Posts Tagged ‘三杯鷄’

Why “Three-Cup”? It refers to one cup of sesame oil, one cup of soy sauce and one cup of rice wine. Of course, this amount is for cooking a lot of chicken. When you are cooking for less chicken, be sure to scale down these three ingredients to 1:1:1. Oh, and basil leaves is a MUST– the basil fragrance really enhances this dish.

Three-Cup Chicken 三杯鷄

Three-Cup Chicken 三杯鷄… Yum! The sauce is so finger licking good that you’ll want to refill your rice bowl.

Three-Cup Chicken 三杯鷄 (serves 2)


12 chicken wing mid joints– cut into half — see note below
2 tsp salt
3 slices ginger– thinly sliced
5 cloves garlic– chopped
3 hot red peppers– chopped
2 tbsp sesame oil– see note below
3 tbsp rice wine
3 tbsp soy sauce
1 tbsp sugar
Handful of Thai basil leaves– see note below


  1. Wash mid joints and remove any tiny pieces of broken bones.  Season with salt for 30 minutes.
  2. Heat a wok on high heat and pour in sesame oil. When the wok gets smoky, add in chicken pieces. Sauté on high heat until the chicken turns lightly brown and the meat is almost cooked.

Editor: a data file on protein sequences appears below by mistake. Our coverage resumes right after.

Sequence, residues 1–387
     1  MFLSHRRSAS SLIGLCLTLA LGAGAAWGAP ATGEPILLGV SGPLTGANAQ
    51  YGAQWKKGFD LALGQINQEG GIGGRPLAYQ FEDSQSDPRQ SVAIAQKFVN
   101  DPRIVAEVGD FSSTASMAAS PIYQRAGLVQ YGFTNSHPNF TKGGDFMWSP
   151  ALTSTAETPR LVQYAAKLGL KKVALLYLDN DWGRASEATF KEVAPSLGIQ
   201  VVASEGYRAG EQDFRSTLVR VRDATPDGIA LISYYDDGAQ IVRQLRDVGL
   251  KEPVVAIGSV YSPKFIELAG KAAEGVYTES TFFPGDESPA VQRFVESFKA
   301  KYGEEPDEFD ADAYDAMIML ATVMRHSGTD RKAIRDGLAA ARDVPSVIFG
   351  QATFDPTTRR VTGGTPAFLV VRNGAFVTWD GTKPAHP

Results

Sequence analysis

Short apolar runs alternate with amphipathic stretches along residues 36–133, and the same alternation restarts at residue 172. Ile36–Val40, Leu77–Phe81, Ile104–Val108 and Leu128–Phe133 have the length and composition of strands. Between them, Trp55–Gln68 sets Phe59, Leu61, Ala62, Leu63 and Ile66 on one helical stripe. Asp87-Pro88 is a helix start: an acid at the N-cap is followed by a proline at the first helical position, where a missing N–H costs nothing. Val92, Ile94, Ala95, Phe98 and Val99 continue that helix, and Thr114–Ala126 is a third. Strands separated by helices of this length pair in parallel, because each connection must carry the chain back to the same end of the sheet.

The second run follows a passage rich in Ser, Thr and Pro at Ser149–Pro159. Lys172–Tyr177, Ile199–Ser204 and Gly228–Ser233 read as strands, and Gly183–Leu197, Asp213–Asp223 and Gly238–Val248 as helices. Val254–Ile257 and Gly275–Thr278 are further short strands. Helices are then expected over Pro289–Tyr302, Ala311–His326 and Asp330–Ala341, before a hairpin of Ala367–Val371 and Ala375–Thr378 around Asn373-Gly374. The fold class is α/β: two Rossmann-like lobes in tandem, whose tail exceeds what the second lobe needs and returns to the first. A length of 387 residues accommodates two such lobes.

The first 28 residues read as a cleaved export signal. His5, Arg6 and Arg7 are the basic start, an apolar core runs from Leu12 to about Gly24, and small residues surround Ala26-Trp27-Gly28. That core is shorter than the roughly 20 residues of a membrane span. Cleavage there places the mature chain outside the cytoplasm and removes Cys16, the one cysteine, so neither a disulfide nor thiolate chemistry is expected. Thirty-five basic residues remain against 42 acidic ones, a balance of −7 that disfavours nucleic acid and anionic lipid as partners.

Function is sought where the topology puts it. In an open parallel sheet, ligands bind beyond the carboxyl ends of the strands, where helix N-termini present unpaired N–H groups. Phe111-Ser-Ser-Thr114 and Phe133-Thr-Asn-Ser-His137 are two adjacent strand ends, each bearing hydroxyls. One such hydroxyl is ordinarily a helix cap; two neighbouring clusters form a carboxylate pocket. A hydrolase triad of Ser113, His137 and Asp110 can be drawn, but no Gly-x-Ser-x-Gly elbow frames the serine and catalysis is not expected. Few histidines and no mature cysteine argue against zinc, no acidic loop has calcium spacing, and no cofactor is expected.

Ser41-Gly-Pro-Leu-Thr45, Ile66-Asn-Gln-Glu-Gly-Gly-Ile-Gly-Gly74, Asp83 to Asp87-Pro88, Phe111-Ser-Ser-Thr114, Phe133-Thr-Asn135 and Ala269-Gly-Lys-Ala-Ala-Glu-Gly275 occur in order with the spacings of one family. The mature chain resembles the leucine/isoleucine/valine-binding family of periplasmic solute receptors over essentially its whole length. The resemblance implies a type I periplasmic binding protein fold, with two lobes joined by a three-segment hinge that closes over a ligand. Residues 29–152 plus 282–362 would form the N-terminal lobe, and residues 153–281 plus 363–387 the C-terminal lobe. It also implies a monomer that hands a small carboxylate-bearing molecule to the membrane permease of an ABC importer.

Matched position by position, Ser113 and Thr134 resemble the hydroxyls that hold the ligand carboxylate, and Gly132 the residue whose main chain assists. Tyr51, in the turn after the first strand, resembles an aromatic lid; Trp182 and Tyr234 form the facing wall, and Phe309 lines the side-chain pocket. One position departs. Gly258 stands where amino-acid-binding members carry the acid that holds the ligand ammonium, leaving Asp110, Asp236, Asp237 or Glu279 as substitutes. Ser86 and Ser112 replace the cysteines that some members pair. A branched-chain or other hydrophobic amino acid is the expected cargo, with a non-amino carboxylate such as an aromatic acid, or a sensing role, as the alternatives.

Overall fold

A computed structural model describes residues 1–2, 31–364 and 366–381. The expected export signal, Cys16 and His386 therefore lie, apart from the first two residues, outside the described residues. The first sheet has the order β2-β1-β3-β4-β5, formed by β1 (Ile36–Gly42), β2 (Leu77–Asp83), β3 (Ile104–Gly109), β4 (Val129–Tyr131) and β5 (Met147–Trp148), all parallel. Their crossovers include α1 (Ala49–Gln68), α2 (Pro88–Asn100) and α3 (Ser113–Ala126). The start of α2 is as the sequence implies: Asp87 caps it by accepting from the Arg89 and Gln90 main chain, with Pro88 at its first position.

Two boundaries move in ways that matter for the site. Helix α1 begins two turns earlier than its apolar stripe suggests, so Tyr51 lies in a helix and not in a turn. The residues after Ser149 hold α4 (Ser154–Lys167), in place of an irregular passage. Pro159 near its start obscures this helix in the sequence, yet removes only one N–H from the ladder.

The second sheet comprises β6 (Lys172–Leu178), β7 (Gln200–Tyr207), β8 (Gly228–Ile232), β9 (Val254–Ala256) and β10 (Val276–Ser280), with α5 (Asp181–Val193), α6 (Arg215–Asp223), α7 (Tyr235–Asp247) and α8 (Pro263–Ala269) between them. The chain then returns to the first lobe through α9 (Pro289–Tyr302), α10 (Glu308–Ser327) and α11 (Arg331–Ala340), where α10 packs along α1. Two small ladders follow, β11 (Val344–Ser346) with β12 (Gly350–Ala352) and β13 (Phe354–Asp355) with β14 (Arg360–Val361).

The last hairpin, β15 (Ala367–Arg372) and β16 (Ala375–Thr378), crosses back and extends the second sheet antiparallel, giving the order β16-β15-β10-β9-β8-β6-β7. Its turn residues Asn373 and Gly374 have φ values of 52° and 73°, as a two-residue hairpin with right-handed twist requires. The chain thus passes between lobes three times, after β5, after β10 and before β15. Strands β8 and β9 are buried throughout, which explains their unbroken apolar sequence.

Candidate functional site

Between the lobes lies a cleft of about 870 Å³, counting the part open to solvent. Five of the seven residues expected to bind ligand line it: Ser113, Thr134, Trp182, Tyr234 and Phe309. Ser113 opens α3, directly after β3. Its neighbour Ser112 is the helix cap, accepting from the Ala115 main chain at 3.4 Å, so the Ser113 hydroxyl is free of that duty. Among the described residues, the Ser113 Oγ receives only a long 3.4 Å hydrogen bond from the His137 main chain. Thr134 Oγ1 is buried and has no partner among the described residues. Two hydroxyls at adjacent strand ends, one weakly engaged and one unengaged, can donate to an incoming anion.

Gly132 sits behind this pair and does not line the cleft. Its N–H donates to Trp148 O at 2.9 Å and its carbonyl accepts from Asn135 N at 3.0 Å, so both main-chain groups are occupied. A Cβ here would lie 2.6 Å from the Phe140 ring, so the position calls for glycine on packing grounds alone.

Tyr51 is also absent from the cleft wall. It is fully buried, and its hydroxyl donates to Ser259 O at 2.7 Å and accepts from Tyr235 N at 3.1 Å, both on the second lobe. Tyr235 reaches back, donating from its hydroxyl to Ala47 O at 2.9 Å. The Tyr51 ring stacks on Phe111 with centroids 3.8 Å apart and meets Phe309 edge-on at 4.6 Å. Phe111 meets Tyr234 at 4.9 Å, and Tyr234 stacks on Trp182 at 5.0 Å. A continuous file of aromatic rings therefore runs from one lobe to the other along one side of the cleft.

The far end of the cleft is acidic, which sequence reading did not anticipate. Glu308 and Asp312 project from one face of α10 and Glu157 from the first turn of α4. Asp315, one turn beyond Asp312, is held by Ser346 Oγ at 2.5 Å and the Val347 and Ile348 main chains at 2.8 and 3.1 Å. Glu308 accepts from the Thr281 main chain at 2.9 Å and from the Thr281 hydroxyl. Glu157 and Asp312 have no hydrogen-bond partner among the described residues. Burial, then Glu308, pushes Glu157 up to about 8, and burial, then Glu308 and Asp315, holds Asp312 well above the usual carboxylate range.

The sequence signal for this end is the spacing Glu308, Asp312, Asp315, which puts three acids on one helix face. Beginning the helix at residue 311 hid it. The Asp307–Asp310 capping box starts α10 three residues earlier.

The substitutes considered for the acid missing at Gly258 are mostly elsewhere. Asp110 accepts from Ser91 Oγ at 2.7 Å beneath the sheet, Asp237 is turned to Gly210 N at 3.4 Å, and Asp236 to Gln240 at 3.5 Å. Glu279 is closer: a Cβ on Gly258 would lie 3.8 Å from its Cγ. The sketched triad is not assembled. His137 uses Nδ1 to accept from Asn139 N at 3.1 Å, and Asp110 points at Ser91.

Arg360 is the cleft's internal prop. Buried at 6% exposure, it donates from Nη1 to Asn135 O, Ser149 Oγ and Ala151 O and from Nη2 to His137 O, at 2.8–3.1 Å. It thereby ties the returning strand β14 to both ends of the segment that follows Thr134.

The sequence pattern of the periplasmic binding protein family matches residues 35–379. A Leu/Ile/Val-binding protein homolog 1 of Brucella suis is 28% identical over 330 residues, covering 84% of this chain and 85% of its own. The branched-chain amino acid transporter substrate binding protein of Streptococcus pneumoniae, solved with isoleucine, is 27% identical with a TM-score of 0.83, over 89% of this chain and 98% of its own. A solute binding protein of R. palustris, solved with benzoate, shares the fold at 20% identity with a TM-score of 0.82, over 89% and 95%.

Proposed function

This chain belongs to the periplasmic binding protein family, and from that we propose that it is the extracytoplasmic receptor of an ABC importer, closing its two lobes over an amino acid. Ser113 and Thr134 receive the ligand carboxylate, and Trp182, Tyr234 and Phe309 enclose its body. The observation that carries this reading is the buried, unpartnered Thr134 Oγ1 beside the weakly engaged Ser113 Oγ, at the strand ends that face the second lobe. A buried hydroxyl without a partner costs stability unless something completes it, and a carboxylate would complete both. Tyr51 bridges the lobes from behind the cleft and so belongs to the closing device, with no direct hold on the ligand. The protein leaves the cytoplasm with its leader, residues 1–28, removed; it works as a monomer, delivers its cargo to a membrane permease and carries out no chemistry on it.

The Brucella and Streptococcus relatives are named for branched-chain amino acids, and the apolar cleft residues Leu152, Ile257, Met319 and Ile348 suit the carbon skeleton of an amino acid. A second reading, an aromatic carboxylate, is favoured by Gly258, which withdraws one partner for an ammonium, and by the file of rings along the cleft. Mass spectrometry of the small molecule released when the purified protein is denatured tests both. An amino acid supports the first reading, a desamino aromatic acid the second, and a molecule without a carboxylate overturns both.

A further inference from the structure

3. Add in ginger, garlic and pepper. Sauté until the aroma comes out.
  4. Stir in rice wine and soy sauce. Turn down the heat a little, and stir until the meat is cooked through and sauce thicken slightly (if your meat is more on the raw side, you can also cover with a lid at this step so the meat cooks faster).
  5. Add in basil leaves. Stir a few times until basil leaves soften. Dish out. Serve hot immediately with steamed rice.

Regina’s Note:

  • Chicken Mid Joints: I am not good at making big chop with my cleaver knife– the bones always never have a clean cut and the meat pieces are sometimes crumbly… and not to mention the raw meat juice splashing everywhere on my kitchen counter. So, my solution is chopping the wing mid joint when they half frozen, without washing– the process is much easier to manage and way less splashing. Wash the meat and remove any tiny broken bone pieces after chopping. Alternatively you can use boneless chicken thigh pieces, but I prefer bone-in for better flavor.
  • Sesame Oil: Typically the amount of sesame oil is same as rice wine and soy sauce, but I cut down to 2 tbsp (you can even use 1 tbsp) and use chicken fat rendered from high heat sautéing.
  • Thai basil leaves: After adding basil leaves to cooking, cook briefly until the leaves soften then dish out so the fragrance of the leaves stay with the meat.

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